The Loose Anti-Opencast Network (LAON) has been in existence since 2009. It functions as a medium through which to oppose open cast mine applications. At present LAON links individuals and groups in N Ireland (Just Say No to Lignite), Scotland (Coal Action Scotland), (Saline Parish Hub), Wales (Green Valleys Alliance, The Merthyr Tydfil Anti Opencast Campaign), England, (Coal Action Network), Northumberland, (Whittonstall Action Group, Halton Lea Gate Residents)) Co Durham (Pont Valley Network) (Pittington Residents Group), Yorkshire (Leeds), (Cowley Residents Action Group, Sheffield)), (Skelmansthorpe Action Group, Kirklees), (Stop Opencast at Sharlston, Wakefield), Nottinghamshire (Shortwood Farm Opencast Opposition), Derbyshire (West Hallum Environment Group, Smalley Action Group and Hilltop Action Group) , Leicestershire (Minorca Opencast Protest Group) and Walsall (Alumwell Action Group) Staffordshire (Campaign Against Great Oak Opencast) .

Contacting LAON

Steve Leary LAON’Ss Co-ordinator, at

You can now follow LAON on Twitter @

Steve Leary
- e-mail:


Hide the following 6 comments

Need ?

05.02.2013 15:06

I guess that depends on much energy the country will be consuming over the next few years.

The big advantage for the UK is that we have a lot of coal and open cast is a low cost way to get at it therefore if we need to burn coal and we need to get it the most cost effective way then a simple mathematical calculation can be done to discover how many mines we need.

Logical thinker


05.02.2013 19:23

I doubt the shareholder's would agree to building 40+ mines if there wasn't a market for the coal. Why invest in something if you think demand is going to drop?

I doubt the statement about demand dropping is true. I've done a quick search on UK Coal and they seem to say the opposite.


To Dave and Logical Thinker

06.02.2013 21:53

Perhaps you should see my previous press release on a 2013 being a Crunch Year for Coal (PR 19) on the London Mining Network site. It will also allow you to check out the references used for both press releases.See

Steve Leary

Re-tool the entire industrial revolution to the renewables.

07.02.2013 11:09

Coal, gas, oil, and atomic energy is destroying the planets livability and therefore the last fifty-one years of eclogical green revolution has brought into being the hi and low tech tools to put in place wind, tidal, and solar power that transforms to electricity and is more power than can be used by all societies and countries on the planet. No more blackouts. This non-pollution solution is given freely in natures kinder laws and provides work for all and forever more.

So the answer is not another step back to the dirtiest carbon bomb on the planet--coal. Leave the coal in the ground ends blacklung, and early death to the miners and the Planet. The recent figures on the burn-out of oxygen by the fossil fuels is that 38% of the oxygen is already gone and we cannot live on the carbon-dioxide replacement.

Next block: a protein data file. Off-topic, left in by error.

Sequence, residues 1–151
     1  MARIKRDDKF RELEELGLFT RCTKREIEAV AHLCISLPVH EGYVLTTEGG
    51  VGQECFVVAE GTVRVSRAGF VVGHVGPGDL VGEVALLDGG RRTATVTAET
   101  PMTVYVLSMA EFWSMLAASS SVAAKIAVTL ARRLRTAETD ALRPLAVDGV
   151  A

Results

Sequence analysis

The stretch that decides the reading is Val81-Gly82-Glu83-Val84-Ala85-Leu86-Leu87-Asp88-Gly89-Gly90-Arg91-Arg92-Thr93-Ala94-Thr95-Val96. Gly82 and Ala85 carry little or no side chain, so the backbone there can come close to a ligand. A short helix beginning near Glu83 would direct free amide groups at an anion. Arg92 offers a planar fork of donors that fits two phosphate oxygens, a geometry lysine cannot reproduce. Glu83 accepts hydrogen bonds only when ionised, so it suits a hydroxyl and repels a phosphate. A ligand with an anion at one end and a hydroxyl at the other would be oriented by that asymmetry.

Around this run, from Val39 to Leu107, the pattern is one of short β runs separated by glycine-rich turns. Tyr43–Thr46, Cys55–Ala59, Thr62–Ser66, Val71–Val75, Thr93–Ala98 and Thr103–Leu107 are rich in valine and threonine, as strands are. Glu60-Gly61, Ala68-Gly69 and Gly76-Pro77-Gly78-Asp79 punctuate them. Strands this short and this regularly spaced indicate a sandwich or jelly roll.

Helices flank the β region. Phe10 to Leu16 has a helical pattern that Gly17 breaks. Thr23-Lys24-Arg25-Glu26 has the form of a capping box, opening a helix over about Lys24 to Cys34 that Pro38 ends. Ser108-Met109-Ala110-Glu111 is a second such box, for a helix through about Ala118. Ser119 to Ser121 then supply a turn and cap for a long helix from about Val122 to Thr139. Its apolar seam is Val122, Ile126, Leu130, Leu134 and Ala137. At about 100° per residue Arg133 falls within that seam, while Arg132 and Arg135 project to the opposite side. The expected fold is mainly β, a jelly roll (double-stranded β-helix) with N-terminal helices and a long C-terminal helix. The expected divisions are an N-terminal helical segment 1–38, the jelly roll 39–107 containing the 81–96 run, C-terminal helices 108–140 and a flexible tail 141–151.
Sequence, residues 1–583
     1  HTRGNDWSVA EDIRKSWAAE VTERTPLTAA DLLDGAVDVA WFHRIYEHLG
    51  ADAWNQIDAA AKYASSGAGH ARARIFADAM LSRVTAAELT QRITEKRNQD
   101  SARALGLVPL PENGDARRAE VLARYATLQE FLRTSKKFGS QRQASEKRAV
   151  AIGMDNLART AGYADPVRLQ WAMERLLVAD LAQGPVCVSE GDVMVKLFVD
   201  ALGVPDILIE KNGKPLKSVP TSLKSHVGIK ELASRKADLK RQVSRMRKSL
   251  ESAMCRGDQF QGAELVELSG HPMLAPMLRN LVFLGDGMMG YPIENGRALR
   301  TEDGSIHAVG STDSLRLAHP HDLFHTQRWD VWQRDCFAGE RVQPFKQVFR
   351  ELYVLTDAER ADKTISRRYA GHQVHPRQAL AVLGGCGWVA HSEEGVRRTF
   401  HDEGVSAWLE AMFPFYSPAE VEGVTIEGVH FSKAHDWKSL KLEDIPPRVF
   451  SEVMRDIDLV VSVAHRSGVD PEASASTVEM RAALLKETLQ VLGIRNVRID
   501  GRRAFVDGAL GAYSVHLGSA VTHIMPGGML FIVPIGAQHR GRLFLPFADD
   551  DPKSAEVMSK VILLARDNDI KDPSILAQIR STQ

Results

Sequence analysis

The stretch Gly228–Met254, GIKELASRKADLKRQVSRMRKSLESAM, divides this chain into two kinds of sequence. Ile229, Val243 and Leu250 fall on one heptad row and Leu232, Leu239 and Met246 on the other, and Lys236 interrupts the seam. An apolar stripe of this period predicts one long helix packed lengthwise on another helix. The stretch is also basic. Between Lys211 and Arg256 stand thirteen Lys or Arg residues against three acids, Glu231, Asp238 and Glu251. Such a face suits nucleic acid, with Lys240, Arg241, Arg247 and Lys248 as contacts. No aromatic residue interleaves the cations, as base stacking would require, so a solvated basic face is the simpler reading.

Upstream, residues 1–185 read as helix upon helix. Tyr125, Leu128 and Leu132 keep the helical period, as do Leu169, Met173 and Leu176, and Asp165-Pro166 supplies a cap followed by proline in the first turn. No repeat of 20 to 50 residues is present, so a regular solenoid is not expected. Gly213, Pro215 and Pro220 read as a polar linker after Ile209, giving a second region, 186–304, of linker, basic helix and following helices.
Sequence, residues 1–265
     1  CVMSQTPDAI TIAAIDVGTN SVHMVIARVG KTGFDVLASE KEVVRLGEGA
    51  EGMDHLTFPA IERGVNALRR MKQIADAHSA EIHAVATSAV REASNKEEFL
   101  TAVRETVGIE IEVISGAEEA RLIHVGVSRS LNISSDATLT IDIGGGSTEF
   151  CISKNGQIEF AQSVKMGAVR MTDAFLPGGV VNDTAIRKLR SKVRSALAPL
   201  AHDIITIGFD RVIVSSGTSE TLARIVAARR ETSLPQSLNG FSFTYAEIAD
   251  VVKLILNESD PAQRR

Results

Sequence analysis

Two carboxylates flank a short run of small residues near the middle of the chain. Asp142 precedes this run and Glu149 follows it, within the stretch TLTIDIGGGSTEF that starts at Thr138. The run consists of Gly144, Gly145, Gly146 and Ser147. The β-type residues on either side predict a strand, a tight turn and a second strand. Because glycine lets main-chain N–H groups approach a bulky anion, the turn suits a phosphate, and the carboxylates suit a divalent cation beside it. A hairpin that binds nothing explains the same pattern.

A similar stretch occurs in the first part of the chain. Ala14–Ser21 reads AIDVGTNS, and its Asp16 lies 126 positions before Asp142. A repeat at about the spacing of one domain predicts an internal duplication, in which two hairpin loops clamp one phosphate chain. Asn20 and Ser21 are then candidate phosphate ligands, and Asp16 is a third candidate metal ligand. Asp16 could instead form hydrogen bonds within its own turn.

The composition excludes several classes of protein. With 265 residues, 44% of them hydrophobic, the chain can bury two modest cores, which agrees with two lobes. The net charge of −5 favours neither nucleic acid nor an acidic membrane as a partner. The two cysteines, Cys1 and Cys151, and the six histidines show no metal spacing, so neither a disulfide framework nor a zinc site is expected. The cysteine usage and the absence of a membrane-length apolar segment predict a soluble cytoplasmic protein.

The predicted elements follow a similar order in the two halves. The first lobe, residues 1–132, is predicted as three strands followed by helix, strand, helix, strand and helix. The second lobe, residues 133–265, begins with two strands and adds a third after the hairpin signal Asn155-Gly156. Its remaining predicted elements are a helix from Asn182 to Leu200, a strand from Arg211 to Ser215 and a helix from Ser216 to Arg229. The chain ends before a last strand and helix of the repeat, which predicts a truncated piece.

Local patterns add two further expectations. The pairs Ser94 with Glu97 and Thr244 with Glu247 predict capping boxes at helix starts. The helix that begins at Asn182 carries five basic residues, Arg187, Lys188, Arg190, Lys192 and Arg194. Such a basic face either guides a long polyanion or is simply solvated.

The Alberta Tar Sands Canadian XL pipeline is proceeding with dire consequences to the air, land, and water by toxic waste pollution. More than that it will be the hugest carbon bomb on the planet if the full exploitation is allowed to proceed.

Already the tar sands project is burning out the oxygen faster than mother nature can replace it. That is a first time in millions of years that the oxygen is really disappearing from the atmosphere, and the tar sands project will definitely speed up the process of the extinguishing of the rest of the O2.

Again we can see this is the 'fail-safe mode' for the entire planets atmosphere. No oxygen or O2 and all air breathing animals will be asphyxiated. That is the meaning of the 'REAL NEED TO END FOSSIL FUEL BURN-OUT TO CARBON-DIOXIDE. Solar panels on all roof tops, wind power, and tidal power, can end 97% of the cabon-dioxide cascading into the air, and the threat of the extinguishment of our natural clean oxygen supply.

Viva socialist liberation. End pollution wars, not endless wars for more and more pollution. Ye yet have a world to win!!

Unity Jack

What a load of bollocks

12.02.2013 16:33

"Already the tar sands project is burning out the oxygen faster than mother nature can replace it. That is a first time in millions of years that the oxygen is really disappearing from the atmosphere, and the tar sands project will definitely speed up the process of the extinguishing of the rest of the O2. "

What a load of complete bollocks. No wonder the percentage of the public who still think that mankind driven climate change is real has fallen to less than 22% with Disneyland science like that above.

Thanks for that

Title: The dawn of a new age, evidence of breakthrough energy technology

25.02.2013 12:00

Dr Judy Wood speaking at the Energy Breakthrough Movement Conference. The solution is before our eyes, we simply have to open them.

keith mann
mail e-mail:
- Homepage:


South Coast

Other UK IMCs
Bristol/South West
Northern Indymedia

London Topics

Animal Liberation
Climate Chaos
Energy Crisis
Free Spaces
Ocean Defence
Other Press
Public sector cuts
Social Struggles
Terror War
Workers' Movements

London IMC


About | Contact
Mission Statement
Editorial Guidelines
Publish | Help

Search :